Law and Order

‘Until 1839 the policing of rural Wiltshire was the responsibility of the Parish or Petty Constables, whose ancestors dated from before the establishment of Parliament. Appointed by the Courts Leet, and latterly by the Magistrates in Quarter Session, the constables were supervised by the Magistrates. They were unpaid, untrained and usually unwilling to undertake any protracted investigation.’

extract from ‘The History of Wiltshire Constabulary’ by Paul Sample

Local Justice

Miscreants, once apprehended, were summarily dealt with, as the following report from the Salisbury and Winchester Journal shows:

‘17th January, 1757. At the Quarter Sessions of the Peace for the County of Wilts was ordered to be whipt, an old offender Robert Day of Fovant for wood stealing, who we are credibly informed, has been six times committed either to Fisherton Gaol, Devizes or Marlborough Bridewells for different offences in this County only.’

Robert Day would appear to have been an ‘old lag’, but to be whipped for stealing wood is a harsh punishment for a relatively minor offence.

More serious crimes, some of which concerned Fovant people, were not uncommon at this time. As was variously reported in the Salisbury and Winchester Journal:

‘Robert Futcher of Fovant was set upon by the notorious Bump-Cheek Edwards at Downton Fair (1786) … A horse was stolen from Francis Blundell of Fovant (1788) … the house of William Hayter of Fovant was broken into (1790) … Joel Coombs stole three pecks of wheat from the barn of Thomas Mills at Fovant (1811)’.

These are just a few of the crimes which were perpetrated in the area, many of which were largely beyond the competence of the Parish and Petty Constables.

In the absence of an effective police force, several Wiltshire communities formed private associations similar to this one advertised in the Salisbury and Winchester Journal of 15th March 1813:

Fovant Association for the Prevention of Crimes &c. The Annual meeting of the Association will be holden at the Pembroke Arms Inn, Fovant, on Wednesday next, the 27th inst. The members are requested to attend at 12 o’clock for particular business.

John Nicholson, Solicitor.

It is possible that this association emerged from the ‘Prevention of Robberies’ group, which is mentioned in the August 1792 report of the meeting of the Trustees of the Turnpike under Salisbury Plain, the current A30. This group offered payment of one guinea to informers. How effective such organisations were is open to doubt, but their very existence must have constituted something of a deterrent. However, these moves, which obviously only covered the immediate locality, were symptomatic of the more widespread national situation.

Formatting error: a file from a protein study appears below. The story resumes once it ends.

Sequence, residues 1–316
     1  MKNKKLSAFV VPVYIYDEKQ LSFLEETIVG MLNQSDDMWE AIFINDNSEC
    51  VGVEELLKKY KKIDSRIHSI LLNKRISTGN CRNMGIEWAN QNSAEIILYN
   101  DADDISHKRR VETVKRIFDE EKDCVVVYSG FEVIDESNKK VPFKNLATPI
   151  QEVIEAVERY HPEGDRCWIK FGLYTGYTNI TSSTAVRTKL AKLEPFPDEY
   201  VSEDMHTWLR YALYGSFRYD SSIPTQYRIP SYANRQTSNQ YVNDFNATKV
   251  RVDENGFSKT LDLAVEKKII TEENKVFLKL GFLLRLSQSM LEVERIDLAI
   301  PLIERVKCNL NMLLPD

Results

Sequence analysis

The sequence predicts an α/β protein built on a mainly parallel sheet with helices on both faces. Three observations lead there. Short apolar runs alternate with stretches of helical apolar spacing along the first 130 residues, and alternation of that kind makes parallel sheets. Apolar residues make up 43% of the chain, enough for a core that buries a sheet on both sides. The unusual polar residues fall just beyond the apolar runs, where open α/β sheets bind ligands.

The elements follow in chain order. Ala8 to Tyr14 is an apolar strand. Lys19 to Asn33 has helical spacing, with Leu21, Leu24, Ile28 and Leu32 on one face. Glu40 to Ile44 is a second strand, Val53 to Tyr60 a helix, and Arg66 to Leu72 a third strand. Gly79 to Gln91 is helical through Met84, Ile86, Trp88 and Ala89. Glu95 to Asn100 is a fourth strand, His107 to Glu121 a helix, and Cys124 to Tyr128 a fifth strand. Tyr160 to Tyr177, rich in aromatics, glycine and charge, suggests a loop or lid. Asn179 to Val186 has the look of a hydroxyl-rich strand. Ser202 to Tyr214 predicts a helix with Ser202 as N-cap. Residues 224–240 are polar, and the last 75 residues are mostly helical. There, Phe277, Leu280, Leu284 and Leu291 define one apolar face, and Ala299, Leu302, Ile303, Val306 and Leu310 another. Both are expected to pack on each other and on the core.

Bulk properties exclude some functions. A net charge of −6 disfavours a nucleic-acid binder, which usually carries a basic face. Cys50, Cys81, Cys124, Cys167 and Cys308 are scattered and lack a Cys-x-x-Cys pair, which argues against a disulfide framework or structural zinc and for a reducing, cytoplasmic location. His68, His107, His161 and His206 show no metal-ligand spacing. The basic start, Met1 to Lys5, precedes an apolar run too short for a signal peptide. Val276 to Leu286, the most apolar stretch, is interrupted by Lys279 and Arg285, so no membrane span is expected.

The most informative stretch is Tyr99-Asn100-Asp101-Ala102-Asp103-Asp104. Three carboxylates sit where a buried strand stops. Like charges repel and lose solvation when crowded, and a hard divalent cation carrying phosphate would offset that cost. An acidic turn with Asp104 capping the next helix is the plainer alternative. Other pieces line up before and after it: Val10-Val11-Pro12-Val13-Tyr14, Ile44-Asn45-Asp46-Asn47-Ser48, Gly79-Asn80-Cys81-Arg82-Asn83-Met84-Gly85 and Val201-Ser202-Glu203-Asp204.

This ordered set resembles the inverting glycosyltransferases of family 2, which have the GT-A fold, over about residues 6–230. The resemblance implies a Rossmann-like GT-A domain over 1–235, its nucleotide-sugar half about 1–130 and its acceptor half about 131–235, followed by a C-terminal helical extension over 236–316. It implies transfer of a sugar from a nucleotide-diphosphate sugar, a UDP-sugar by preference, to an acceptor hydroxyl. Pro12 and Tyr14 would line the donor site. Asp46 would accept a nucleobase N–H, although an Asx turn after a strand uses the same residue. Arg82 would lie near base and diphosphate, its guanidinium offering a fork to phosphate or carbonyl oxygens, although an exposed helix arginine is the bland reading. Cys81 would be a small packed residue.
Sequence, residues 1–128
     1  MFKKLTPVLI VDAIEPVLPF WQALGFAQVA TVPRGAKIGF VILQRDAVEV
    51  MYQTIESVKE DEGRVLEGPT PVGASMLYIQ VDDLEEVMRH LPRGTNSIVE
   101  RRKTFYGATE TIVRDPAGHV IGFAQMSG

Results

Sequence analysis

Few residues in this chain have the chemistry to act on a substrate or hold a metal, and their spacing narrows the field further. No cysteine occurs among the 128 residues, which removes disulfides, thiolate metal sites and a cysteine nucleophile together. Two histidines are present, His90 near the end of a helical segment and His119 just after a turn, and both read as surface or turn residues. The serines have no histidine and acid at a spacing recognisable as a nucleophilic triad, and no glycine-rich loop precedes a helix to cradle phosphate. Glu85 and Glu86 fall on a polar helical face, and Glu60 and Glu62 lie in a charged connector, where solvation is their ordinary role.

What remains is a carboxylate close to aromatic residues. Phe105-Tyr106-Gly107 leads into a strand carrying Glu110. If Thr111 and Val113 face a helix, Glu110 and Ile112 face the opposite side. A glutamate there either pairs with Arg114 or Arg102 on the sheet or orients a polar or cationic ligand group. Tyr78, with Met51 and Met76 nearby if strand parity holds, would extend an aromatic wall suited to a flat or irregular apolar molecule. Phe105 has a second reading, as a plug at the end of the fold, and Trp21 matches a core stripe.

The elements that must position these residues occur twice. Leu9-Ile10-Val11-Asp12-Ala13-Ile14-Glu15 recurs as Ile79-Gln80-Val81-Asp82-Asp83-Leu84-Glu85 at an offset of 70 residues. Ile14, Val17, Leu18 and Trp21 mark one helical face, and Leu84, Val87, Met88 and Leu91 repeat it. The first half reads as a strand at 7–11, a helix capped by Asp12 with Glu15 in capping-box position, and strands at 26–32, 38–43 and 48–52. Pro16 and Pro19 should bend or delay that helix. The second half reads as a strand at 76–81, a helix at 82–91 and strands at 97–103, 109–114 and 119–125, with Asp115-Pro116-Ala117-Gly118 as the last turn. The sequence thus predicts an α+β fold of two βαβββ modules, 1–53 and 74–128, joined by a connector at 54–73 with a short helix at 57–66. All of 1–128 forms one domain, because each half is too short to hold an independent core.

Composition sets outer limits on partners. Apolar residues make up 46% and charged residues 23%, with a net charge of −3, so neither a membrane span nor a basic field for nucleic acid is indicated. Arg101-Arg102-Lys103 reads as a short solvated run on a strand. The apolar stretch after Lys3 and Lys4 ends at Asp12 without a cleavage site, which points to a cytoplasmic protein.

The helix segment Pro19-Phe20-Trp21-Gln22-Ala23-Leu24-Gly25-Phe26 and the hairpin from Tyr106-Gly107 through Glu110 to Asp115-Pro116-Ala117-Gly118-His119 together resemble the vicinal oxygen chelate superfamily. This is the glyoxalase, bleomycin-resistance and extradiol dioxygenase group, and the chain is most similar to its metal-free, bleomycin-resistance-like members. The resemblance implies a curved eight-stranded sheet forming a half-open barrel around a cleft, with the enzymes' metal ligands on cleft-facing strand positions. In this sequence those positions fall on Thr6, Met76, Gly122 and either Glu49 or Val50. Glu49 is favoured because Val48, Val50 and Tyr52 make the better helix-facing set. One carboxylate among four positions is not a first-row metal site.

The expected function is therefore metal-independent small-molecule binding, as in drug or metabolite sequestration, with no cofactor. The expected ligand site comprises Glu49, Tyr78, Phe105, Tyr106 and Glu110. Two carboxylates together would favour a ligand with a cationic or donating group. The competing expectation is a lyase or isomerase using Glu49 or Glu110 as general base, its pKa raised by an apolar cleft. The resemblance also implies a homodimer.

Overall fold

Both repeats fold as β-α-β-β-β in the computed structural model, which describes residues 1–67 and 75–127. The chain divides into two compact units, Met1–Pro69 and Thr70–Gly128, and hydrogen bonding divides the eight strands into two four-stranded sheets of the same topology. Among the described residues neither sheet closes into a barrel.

National Reform

The increasing incidence of crime in the country as a whole had been giving rise to public concern for a considerable period. Pressure for reform intensified as the general populace began to demand protection from such acts of violence. Eventually, after the passing into law of the 1829 Metropolitan Police Bill, the country got its first official police force – in London. Similarly, six years later, after the Municipal Corporations Act of 1835, Salisbury set up its own City Police force. It was not until after the County Police Act of 1839 was accepted by the Wiltshire Court of Quarter Sessions that the small villages of our county benefited from the establishment of a rural police force.

Once the County Police Act became law, action followed swiftly. Captain Samuel Meredith R.N., became the first Chief Constable of Wiltshire when he was confirmed in the post on 28th November 1839. It was a double first, for with this appointment Wiltshire became the first county in the country to have its own Chief Constable.

Meredith was faced with a formidable task. His brief was to:

‘raise a force of over 200 men, allocate them to areas of patrol, and arrange for their accommodation, supervision, clothing and discipline (and they were to) start their duties from January 1840 onwards’.

Extract from ‘The History of Wiltshire Constabulary’ by Paul Sample

Early in the 1970s the Fovant Police House was sold and became a private residence. Appropriately, the new owners named their house ‘Koppergon’.

Although the village has not suffered a great deal from crime in recent years, when a police sergeant in Salisbury asked if local villages would be interested in setting up Neighbourhood Watch schemes, Roy Nuttall volunteered to do so for Fovant. Accordingly, he instigated our group in October 1987. It is still going strong today and reports regularly in our village magazine and at Parish Council meetings.

Click on the links below to find more information on some history of Fovant’s policemen:

Fovant’s Policeman


Content last updated
20 November 2015